Guidance and bridges to chat to Communities and Young Audiences to ensure the work is as responsive as possible.
Challenging the assumption that theatre for young audiences has to look and be a certain way – bravery around this from venues and producers.
What do you need as freelancers to creatively empower you – to make you feel valued?
Communication and a sense of community
Being fully included in any company when you’re brought in. Feeling part of the wider family, ongoing relationships that last beyond the work you are doing. Being treated by buildings as if you are part of their staff, eg. Christmas parties, opening nights, skill training, development opportunities, networking events.
Longer term commitment / support / partnerships with venues.
Consideration in terms of notice so notice for auditions, a simple yes/no after meetings etc., time if things are rearranged so call times, cancellations etc. – performers are often the last to know of any changes or updates
A sense of connection to a community – continuing events like this one and the town hall meetings being held by theatres during COVID, theatres holding freelancer networking events. Networks and conversations which are ongoing regardless of work being created.
Less guardedness from artistic/executive teams, more information about forthcoming seasons.
Venues / companies looking outward to freelancers – starting conversations, inviting ideas, having open calls.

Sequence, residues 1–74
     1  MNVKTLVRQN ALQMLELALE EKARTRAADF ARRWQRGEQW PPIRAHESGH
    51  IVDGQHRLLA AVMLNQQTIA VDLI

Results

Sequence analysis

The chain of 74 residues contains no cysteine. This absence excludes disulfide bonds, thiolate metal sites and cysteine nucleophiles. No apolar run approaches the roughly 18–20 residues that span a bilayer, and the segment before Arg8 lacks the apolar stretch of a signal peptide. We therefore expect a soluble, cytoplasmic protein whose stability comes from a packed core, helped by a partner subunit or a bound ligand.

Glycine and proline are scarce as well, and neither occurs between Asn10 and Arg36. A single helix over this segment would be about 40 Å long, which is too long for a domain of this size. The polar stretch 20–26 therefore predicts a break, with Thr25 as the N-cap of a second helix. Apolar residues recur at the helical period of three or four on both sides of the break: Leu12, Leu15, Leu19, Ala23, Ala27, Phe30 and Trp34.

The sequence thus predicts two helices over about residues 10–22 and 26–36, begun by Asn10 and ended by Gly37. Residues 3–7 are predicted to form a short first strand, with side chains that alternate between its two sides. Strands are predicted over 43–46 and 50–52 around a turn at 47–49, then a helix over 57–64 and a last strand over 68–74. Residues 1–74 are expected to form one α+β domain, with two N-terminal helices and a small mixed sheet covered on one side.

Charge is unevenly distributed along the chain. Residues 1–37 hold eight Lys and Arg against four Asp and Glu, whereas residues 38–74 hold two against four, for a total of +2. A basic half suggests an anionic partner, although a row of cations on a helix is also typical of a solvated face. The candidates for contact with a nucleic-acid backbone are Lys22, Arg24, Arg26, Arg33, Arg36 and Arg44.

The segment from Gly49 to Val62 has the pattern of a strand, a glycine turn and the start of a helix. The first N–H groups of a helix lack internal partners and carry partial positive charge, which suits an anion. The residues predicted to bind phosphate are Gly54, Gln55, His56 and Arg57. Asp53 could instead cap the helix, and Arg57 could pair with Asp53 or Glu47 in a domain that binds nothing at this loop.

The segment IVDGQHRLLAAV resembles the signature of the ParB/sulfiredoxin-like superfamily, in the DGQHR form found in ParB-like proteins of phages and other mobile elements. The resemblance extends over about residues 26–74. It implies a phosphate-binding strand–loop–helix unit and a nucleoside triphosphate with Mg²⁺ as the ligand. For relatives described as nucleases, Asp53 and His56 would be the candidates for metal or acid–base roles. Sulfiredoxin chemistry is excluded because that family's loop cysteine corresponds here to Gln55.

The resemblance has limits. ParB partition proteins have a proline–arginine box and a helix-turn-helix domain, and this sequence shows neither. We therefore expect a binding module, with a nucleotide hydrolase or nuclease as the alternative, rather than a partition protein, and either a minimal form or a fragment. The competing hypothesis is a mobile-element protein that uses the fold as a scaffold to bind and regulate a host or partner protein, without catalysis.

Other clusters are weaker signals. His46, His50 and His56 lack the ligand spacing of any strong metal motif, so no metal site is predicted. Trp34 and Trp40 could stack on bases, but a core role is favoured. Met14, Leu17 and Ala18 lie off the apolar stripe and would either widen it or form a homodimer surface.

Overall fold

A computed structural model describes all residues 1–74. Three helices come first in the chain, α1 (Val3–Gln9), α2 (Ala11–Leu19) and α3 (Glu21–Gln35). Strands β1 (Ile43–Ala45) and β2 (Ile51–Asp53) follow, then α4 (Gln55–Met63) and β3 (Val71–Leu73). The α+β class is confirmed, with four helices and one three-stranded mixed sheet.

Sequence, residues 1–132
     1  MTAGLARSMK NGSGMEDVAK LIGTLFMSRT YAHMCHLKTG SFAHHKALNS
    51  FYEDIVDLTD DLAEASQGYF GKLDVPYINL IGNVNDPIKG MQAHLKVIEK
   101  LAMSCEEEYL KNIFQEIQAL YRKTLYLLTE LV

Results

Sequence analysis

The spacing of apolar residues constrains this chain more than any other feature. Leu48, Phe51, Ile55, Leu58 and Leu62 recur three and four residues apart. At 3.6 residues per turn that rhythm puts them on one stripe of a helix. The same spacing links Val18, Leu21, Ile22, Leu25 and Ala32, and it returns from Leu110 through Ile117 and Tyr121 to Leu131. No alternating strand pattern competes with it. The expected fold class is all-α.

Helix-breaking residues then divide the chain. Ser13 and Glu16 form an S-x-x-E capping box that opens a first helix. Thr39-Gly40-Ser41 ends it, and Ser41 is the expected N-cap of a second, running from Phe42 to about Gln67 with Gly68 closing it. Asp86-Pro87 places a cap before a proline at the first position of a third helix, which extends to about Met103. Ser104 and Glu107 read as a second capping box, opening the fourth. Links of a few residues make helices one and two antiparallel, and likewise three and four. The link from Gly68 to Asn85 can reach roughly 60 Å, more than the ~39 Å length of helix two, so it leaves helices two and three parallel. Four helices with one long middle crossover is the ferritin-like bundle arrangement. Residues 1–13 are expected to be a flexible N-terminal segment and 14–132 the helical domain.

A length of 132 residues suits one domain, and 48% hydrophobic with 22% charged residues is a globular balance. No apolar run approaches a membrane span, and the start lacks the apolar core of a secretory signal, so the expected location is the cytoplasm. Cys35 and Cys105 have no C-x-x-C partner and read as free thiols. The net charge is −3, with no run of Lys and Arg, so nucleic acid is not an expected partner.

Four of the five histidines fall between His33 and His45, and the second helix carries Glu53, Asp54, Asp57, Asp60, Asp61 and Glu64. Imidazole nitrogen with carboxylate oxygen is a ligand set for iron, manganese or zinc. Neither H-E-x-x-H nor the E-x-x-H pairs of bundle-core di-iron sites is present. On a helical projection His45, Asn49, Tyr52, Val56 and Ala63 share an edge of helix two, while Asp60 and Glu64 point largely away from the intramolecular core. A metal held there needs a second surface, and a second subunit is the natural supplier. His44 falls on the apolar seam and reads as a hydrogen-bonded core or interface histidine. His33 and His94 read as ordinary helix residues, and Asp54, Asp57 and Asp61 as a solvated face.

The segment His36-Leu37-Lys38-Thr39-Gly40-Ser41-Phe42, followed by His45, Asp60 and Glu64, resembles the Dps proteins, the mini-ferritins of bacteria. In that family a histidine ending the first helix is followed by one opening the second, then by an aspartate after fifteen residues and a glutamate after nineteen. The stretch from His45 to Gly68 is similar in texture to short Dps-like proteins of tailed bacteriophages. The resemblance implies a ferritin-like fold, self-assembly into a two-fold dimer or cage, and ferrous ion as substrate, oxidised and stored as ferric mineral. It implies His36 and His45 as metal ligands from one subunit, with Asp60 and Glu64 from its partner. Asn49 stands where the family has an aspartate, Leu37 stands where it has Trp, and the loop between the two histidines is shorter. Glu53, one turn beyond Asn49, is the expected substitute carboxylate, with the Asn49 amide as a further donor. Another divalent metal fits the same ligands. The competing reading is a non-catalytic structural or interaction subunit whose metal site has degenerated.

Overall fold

I’ve had contact from several companies/theatres who I’ve worked for prior to COVID-19 who have been making efforts to send me work during this time and/or check in with me, which has been hugely appreciated.
To feel involved – I think the FTF is fabulous but has also made many freelancers that I have spoken with feel even less involved in the industry. If we were not picked to be the sponsored person, what does that mean of our relationship to the venues or organisations we have worked with.
Recognition now that the day of liveness is coming and needs preparing for.
A dedicated space/desk, possibly outside the rehearsal room, for freelancers to set up and work – “I’m a set + costume designer – a space/desk inside the building but perhaps outside the rehearsal room is definitely handy when you need to process something quietly. Esp useful if working away”
I need my own mental health to be strong to navigate the difficulties of the creative process, and get on with it regardless of circumstances. To stay listening, responding and reacting.
To be valued and represented
Being made part of discussions in buildings/companies, even though you are a freelancer – so that you feel like your voice matters, that your creative vision matters.
To have an ideas exchange with venues and companies when not directly working with them. To be appreciated for our diversity of experience.